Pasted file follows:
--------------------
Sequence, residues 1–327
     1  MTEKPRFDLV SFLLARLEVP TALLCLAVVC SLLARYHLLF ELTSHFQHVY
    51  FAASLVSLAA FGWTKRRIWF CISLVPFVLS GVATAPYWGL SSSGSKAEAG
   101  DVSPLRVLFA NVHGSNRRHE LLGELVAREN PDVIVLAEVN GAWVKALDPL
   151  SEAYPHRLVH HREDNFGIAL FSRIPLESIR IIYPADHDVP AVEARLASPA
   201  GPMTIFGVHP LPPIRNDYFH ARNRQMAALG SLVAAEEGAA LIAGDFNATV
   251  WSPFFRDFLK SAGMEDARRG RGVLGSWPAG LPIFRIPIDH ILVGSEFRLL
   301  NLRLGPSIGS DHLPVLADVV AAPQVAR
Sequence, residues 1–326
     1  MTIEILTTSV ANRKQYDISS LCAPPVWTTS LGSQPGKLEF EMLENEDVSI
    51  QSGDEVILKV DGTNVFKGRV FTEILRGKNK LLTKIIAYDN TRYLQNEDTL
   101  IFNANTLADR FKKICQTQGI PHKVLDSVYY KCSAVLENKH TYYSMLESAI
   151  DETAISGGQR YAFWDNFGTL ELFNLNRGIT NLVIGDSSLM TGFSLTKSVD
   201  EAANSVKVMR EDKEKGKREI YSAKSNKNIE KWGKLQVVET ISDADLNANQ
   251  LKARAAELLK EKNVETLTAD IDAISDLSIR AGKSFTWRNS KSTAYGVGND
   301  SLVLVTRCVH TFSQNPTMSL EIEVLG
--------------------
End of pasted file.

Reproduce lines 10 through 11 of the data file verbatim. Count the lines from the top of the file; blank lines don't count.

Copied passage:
     1  MTIEILTTSV ANRKQYDISS LCAPPVWTTS LGSQPGKLEF EMLENEDVSI
    51  QSGDEVILKV DGTNVFKGRV FTEILRGKNK LLTKIIAYDN TRYLQNEDTL